Predictability and survival didn’t just become two in a series of standards. They became the standard. Although these standards made perfect sense at the time, consider how outdated they are now within our modern times. The fixation on predictability and survival dismisses joy, creativity, passion, engagement, full living, and connectedness to others. It often keeps us from new learning. Most profoundly, the old standards obscure the birthright of every man, woman, and child, which is to find and pursue what we were born to do. The growing awareness of this is also one of the seeds fueling today’s discord with work. But, there was another great price we paid.
In Critical Path, Buckminster Fuller quantified predictions he had been making since the mid-1930s. He warned the world that if we did not find ways to either eliminate or remove the poisons generated from fossil fuels and chemicals, the world would become uninhabitable by the turn of the century. Mr. Fuller must have died with a great deal of frustration because very few people listened to him. Most did not think about these issues because repetition produces a trancelike state. Fitting in, tending to our workstations, going through the routine became the mass trance of the Industrial Revolution. Most were happy for progress. Wages were small. Long hours were filled with back-breaking and repetitive work. Safety standards were appalling.
In many factories, children were sent in to tend machines because the spaces were so small. If someone was injured or killed, others were waiting in line to step in and replace them. In fact, some of the laws passed during the early days of the Industrial Revolution indicate just how barbaric many employers were during that era. For example, the Factory Act of 1819 limited the work of children to 12 hours a day. And in 1833, children under the age of 9 were banned from working in the textile industry and 10- to 13-year-olds were limited to a 48-hour workweek.
Ironically, England’s innovation also led to it losing its grip on the world. In the early days of the revolution, British leadership did its best to protect the country’s manufacturing technology. But that progress opened up channels to the rest of the world. As mass-production spread throughout the globe, other countries not only became more powerful, they turned into competitors. It wasn’t long before every developed nation was playing the same game. And for the next 250 years, the Industrial Revolution dictated how we lived, consumed, worked, competed, and got educated. As the promise of predictability and survival evolved, we added various employee benefits: vacation plans, a retirement plan for when we grew old, medical coverage if we got sick, and so on. The most talented embraced it all and worked their way up the proverbial “career ladder.”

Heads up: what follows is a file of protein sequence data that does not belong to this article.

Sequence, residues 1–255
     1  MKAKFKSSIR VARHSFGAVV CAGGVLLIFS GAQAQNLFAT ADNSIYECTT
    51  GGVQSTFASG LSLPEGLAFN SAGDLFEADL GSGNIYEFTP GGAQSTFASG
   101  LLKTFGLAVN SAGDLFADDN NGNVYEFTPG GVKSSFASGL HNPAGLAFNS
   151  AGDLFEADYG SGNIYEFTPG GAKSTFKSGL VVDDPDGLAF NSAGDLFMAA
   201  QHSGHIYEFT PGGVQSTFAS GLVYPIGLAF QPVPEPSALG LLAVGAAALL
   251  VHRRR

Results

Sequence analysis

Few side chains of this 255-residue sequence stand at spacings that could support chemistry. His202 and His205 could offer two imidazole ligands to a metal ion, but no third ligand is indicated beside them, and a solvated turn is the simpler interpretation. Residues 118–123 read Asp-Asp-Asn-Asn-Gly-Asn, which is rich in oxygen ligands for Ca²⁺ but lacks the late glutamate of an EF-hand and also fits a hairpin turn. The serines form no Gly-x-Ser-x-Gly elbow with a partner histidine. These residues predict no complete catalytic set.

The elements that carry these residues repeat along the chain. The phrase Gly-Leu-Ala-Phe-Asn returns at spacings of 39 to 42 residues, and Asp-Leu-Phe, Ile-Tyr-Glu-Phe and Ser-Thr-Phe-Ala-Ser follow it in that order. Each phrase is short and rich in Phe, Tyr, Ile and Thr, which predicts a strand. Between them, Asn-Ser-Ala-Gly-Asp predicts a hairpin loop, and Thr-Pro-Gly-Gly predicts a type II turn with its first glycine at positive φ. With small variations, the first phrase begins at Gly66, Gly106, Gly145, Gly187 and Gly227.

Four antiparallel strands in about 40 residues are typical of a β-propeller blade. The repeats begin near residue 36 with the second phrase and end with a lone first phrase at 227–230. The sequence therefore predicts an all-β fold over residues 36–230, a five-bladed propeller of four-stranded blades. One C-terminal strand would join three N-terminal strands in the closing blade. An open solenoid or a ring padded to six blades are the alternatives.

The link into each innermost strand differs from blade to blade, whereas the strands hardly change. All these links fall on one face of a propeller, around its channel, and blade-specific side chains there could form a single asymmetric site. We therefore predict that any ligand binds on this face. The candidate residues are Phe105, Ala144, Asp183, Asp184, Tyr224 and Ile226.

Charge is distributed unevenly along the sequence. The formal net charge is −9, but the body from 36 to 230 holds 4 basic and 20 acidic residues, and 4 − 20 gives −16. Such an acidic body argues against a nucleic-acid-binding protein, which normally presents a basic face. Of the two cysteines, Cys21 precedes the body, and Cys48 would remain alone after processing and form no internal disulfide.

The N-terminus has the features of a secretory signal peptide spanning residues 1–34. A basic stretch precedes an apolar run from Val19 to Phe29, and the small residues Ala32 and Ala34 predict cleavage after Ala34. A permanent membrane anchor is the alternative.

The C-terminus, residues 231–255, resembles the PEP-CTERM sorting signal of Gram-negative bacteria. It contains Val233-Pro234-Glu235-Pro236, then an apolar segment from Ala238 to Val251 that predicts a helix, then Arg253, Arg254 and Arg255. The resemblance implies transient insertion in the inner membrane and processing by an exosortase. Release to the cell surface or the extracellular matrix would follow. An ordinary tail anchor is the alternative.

On the shadow side, our ability to build stuff also fueled the bloodiest wars in the history of humankind. We leveraged wars with new technology and a powerful capability to snuff life out in dramatic fashion. This led to the most awesome victories, but at a terrible price. But as we returned from world wars, manufacturing supremacy led to jobs for life, a comfortable middle-class living, and what was, for many, a comfortable routine. We worked, we saved, and we retired. The Industrial Revolution had successfully disrupted and transformed a culture that had stayed relatively the same for thousands of prior years.
In 1943, England dropped its next disruptive bomb on the world of work. A British engineer named Tommy Flowers demonstrated the first programmable computer to a stunned, skeptical room of military leaders. He developed this machine to decrypt German military code. It worked amazingly well. Ten of these “Colossi” were completed and used to gather intelligence. On June 5, 1944, a courier handed Eisenhower a note summarizing a Colossus decrypt. It confirmed that Hitler wanted no additional troops to move to Normandy. Moments later, he announced, “We go in tomorrow.” The rest is history. The first computer may have actually played a bigger role in ending World War II than the first atomic bomb.5